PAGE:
Dry Top vs Semi-Dry Top vs Splash Top


What is the real difference between these tops? They all appear to have waterproof fabric and most are breathable, but is the real difference in how they seal at the neck, wrists and waist? Thanks in advance for the education!

I guess it makes sense if you truly want to stay dry after dumping, the dry top is the style that will most likely accomplish that. How does each work and what kind of use is each best suited?

Sometimes it’s what it says…

– Last Updated: May-13-08 4:30 PM EST –

One of the places that paddling is actually literal -

Splash top - Protects against water that splashes up while paddling. So this tends to be fairly tight at the wrist near the water but has a looser neck since splashing water will generally hit your chest and sides.

Dry top - Protects fully against water getting to you from any place covered by the dry top, including a water-tight neck gasket that will not let water in should you roll.

Semi-dry - A lot of stuff inbetween. Some of it is things like semi-dry suits that actually function as dry suits for some but are very semi for people with chicken necks like myself.

Note that a dry top over a wetsuit is no longer functional as a dry top if you capsize and exit the boat rather than rolling - because then water will come in at your waist. If you roll though, it will keep out any water except what comes in thru the seal between the drytop and the skirt and any that slips in uncer the edges of the skirt.

They all keep you protected, the water temperature and conditions in which you are paddling argue for one or another. Below 50 degree water, and almost any temperature air temps, many will argue for a full drysuit. Those used to be a wetsuit/extra layers/drytop temps before everyone had to have a roll and a drysuit to paddle...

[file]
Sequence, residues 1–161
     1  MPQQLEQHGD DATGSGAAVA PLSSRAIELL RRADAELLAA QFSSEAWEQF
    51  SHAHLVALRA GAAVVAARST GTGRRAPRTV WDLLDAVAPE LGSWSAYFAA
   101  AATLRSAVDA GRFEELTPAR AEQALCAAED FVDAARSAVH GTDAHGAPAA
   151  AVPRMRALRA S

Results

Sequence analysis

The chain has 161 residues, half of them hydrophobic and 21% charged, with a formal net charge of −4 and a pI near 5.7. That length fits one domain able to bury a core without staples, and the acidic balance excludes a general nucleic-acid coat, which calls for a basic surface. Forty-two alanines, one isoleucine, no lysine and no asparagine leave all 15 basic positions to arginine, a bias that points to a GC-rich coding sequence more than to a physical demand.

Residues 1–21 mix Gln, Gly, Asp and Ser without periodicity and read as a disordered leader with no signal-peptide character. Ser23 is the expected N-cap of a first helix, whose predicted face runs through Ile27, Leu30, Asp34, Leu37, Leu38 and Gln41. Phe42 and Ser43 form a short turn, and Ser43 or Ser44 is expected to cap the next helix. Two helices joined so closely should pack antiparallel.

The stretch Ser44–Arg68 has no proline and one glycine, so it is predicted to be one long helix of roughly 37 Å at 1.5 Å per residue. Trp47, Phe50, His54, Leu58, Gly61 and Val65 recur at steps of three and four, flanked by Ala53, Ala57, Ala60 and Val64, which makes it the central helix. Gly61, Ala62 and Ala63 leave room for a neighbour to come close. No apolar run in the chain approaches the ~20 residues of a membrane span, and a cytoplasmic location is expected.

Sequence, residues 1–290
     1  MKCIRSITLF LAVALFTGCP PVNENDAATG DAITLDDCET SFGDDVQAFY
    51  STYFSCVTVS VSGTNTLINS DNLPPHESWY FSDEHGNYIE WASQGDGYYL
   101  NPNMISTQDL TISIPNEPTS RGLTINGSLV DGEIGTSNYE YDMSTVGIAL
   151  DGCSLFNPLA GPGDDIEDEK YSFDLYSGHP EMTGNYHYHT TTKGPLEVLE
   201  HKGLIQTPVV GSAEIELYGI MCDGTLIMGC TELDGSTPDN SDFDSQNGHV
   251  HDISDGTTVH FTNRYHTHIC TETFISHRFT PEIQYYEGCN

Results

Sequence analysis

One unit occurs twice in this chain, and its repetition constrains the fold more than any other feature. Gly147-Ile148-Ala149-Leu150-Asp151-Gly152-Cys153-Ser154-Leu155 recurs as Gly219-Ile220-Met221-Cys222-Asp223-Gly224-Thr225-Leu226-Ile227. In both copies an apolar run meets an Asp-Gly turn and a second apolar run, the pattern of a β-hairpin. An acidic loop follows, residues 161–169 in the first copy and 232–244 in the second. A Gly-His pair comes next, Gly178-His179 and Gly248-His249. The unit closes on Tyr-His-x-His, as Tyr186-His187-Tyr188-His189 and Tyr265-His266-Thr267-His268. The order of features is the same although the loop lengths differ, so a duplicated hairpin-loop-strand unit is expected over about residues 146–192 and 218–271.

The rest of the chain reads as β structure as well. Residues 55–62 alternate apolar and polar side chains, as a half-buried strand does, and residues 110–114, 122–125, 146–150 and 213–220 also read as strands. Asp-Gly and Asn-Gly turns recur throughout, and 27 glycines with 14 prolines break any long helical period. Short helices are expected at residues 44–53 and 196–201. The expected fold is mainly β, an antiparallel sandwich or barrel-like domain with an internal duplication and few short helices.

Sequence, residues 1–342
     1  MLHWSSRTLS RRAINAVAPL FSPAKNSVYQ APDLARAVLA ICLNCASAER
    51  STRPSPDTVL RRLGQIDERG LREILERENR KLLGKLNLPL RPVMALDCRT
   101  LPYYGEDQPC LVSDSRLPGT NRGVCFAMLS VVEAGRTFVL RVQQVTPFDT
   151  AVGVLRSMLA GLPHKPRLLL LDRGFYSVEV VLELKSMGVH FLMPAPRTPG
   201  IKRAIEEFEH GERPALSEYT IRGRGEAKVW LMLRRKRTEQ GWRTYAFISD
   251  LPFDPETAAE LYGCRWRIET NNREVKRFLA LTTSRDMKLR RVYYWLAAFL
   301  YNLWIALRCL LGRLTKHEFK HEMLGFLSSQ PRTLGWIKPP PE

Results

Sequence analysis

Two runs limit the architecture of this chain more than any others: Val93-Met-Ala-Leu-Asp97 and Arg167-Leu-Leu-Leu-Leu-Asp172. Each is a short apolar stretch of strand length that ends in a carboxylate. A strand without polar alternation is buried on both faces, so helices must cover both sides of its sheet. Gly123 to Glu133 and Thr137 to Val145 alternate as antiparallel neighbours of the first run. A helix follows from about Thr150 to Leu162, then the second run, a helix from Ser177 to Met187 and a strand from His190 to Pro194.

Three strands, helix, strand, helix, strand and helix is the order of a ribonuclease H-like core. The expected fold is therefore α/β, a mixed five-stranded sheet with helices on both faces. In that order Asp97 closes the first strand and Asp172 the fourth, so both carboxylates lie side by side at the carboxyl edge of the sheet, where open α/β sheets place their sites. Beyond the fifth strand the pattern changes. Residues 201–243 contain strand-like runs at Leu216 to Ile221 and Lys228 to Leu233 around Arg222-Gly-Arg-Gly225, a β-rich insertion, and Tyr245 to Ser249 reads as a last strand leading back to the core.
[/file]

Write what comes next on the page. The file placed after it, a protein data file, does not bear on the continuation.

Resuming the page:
Another difference
is whether or not they have a double tunnel to seal with a spray skirt. Dry tops do, semi-dry tops usually do and splash jackets usually do not. The double tunnel will help a lot to keep water from sneaking in around your waist.

The difference between dry and semi-dry is usually the neck seal. Both usually have latex wrist gaskets, but semi-dry usually use a neoprene neck gasket instead of latex.

2nd that
I just used my new semi-dry top yesterday (kokatat action jacket). Latex wrist seals to keep sleeves from filling up (hate that). The neck is neoprene and velcro that opens fairly wide - I think it will be fairly dry - it was nice to open it for ventilation yesterday. It makes more sense to me to have a semi-dry top then the next step being a true drysuit.

A semi-dry top is also known…

…as a semi-wet top.

So, if I already have a

– Last Updated: May-14-08 10:07 AM EST –

farmer wetsuit would it be better to get a wetsuit jacket and layer over that with maybe a splash top on top? It sounds like a dry top over a farmer john is not good if one is dunked. Oh yeah, I'm in an open boat although any information is helpful for those nubie kayakers who may be reading this.

Also, does it make a difference if one wears Polartec 100 or other synthetic as a top under a farmer john? Will it help or hurt if one is wet?

Layers over/under a wetsuit
If you get dunked and are up in the air again, and there is a cool breeze blowing, a wetsuit or similar material without a wind-blocking and heat-preserving layer over it can be darned cold. My second start into mild hypothermia was thanks to that, on an evening with air temps near 70.

As to what under, lots of options work. Seems that most people come to find that a particular one works better for them.

Wet suit layers